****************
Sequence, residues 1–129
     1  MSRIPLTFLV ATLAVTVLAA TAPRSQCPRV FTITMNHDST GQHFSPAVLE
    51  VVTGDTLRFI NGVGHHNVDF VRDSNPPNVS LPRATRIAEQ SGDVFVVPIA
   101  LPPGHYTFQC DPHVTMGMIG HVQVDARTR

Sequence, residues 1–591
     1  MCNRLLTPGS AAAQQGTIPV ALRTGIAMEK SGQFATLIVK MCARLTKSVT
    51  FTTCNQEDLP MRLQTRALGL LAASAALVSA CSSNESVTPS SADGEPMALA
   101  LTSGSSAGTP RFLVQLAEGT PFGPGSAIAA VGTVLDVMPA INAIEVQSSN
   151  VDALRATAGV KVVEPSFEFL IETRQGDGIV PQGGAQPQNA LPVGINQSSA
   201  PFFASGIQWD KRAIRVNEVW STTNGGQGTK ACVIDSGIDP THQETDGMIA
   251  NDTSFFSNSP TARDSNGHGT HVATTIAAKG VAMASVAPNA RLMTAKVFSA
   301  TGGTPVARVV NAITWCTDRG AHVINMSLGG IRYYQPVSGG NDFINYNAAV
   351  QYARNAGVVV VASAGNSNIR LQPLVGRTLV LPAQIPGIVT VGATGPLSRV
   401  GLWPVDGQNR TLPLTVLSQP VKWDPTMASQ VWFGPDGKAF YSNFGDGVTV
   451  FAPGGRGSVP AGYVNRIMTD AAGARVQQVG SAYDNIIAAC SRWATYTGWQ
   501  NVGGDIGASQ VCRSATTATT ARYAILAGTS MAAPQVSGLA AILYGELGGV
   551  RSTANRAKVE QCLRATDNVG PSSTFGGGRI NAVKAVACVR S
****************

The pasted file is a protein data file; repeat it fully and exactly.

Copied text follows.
Sequence, residues 1–129
     1  MSRIPLTFLV ATLAVTVLAA TAPRSQCPRV FTITMNHDST GQHFSPAVLE
    51  VVTGDTLRFI NGVGHHNVDF VRDSNPPNVS LPRATRIAEQ SGDVFVVPIA
   101  LPPGHYTFQC DPHVTMGMIG HVQVDARTR

Sequence, residues 1–591
     1  MCNRLLTPGS AAAQQGTIPV ALRTGIAMEK SGQFATLIVK MCARLTKSVT
    51  FTTCNQEDLP MRLQTRALGL LAASAALVSA CSSNESVTPS SADGEPMALA
   101  LTSGSSAGTP RFLVQLAEGT PFGPGSAIAA VGTVLDVMPA INAIEVQSSN
   151  VDALRATAGV KVVEPSFEFL IETRQGDGIV PQGGAQPQNA LPVGINQSSA
   201  PFFASGIQWD KRAIRVNEVW STTNGGQGTK ACVIDSGIDP THQETDGMIA
   251  NDTSFFSNSP TARDSNGHGT HVATTIAAKG VAMASVAPNA RLMTAKVFSA
   301  TGGTPVARVV NAITWCTDRG AHVINMSLGG IRYYQPVSGG NDFINYNAAV
   351  QYARNAGVVV VASAGNSNIR LQPLVGRTLV LPAQIPGIVT VGATGPLSRV
   401  GLWPVDGQNR TLPLTVLSQP VKWDPTMASQ VWFGPDGKAF YSNFGDGVTV
   451  FAPGGRGSVP AGYVNRIMTD AAGARVQQVG SAYDNIIAAC SRWATYTGWQ
   501  NVGGDIGASQ VCRSATTATT ARYAILAGTS MAAPQVSGLA AILYGELGGV
   551  RSTANRAKVE QCLRATDNVG PSSTFGGGRI NAVKAVACVR S